How much more do you want to hang out with the second person? Personally, I would have so many questions about that crazy-morbid death model (namely, “Do you know when I’M going to die?!”).
Now, this doesn’t mean you should be fake.
What it means is that if you are the kind of person whose inclination is to always lead with the negative, you may want to do some soul-searching and reflect on why that is. It could be worth working on yourself to become the kind of person who leads with the positive! Maybe that’s through therapy, or journaling, or even some good old fashioned positive self talk in the mirror each morning.
There’s a huge difference between being humble (“I mean, I’m no hero just because I started a charity that teaches killer whales to read…”) and a bummer.
And look, if you think what you do is super-boring but also are totally fine with that, then say it and move on!
“My day job pays the bills, and it allows me to travel / volunteer / visit my family / whatever, which is great!”
And if you’re all, “But Megan, I should be able to be myself! If I hate my job/roommates/family, I should be able to say so.” And to that I say, totally. But there’s a difference between saying, “Yeah, my job/roommates/family is kind of the worst” and “My job is kind of the worst, and I’m looking for a new one. In the meantime, I’m finding a lot of happiness in my new puppy. Wanna see a picture?” See the difference?
Accentuate the positive in your life, and she’ll want to hear more about it.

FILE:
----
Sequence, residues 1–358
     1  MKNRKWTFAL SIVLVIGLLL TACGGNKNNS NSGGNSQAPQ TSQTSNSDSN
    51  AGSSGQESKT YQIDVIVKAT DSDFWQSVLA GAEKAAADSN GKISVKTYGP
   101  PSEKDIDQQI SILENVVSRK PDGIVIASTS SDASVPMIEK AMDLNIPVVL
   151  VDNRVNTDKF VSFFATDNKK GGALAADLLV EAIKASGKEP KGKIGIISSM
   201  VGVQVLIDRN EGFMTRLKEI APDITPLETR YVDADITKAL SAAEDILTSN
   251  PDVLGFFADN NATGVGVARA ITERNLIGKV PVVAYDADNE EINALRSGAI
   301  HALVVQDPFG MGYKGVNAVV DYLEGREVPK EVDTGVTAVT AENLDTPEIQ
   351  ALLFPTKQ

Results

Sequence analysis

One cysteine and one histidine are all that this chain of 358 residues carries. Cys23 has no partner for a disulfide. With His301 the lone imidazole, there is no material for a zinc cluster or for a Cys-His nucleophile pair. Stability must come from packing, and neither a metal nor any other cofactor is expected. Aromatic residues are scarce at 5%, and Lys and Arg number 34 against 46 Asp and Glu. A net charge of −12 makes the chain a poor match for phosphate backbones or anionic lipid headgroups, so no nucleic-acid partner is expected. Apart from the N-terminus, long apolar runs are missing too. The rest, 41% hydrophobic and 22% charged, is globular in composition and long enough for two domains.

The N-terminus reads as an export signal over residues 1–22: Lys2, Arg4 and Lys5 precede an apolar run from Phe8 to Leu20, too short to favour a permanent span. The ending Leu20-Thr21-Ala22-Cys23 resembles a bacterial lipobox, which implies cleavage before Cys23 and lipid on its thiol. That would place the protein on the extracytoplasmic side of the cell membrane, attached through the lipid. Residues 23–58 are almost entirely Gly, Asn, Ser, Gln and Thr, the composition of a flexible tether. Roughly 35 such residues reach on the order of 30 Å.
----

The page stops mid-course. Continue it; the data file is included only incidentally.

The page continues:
2) Aim for back-and-forth banter
Here’s a secret: when women start asking you a lot of questions on a date, it’s not because you are the most interesting man in the entire world.
Nope, it’s actually because us ladies are emotional masochists who turn bad dates into de facto interviews when the other person’s not bothering to ask anything of us.
Some people (ahem, a lot of guys) have a tendency not to notice a conversation’s turned lopsided because everyone likes talking about themselves, but it’s a fine line and one you need to tune in to notice. If she’s asking you a string of questions about Madden, motorcycles, MMA, whatever it is you have expressed enthusiasm for, you’re not having a conversation anymore. You’re having an interview.
And spoiler, you’re not getting the job.
Because: you answering her question, talking more, her asking another question, you talking more…is not a conversation. If you’re talking at her, it’s not fun for her, and you just don’t notice because she’s too polite to slam her hand on the table, and scream, “HEY! ASK ME A QUESTION.”
That’s not to say you shouldn’t talk about your passions. You should! It’s just that you should just also be curious about hers. After all, you want to know if you have commonalities that could drive a connection.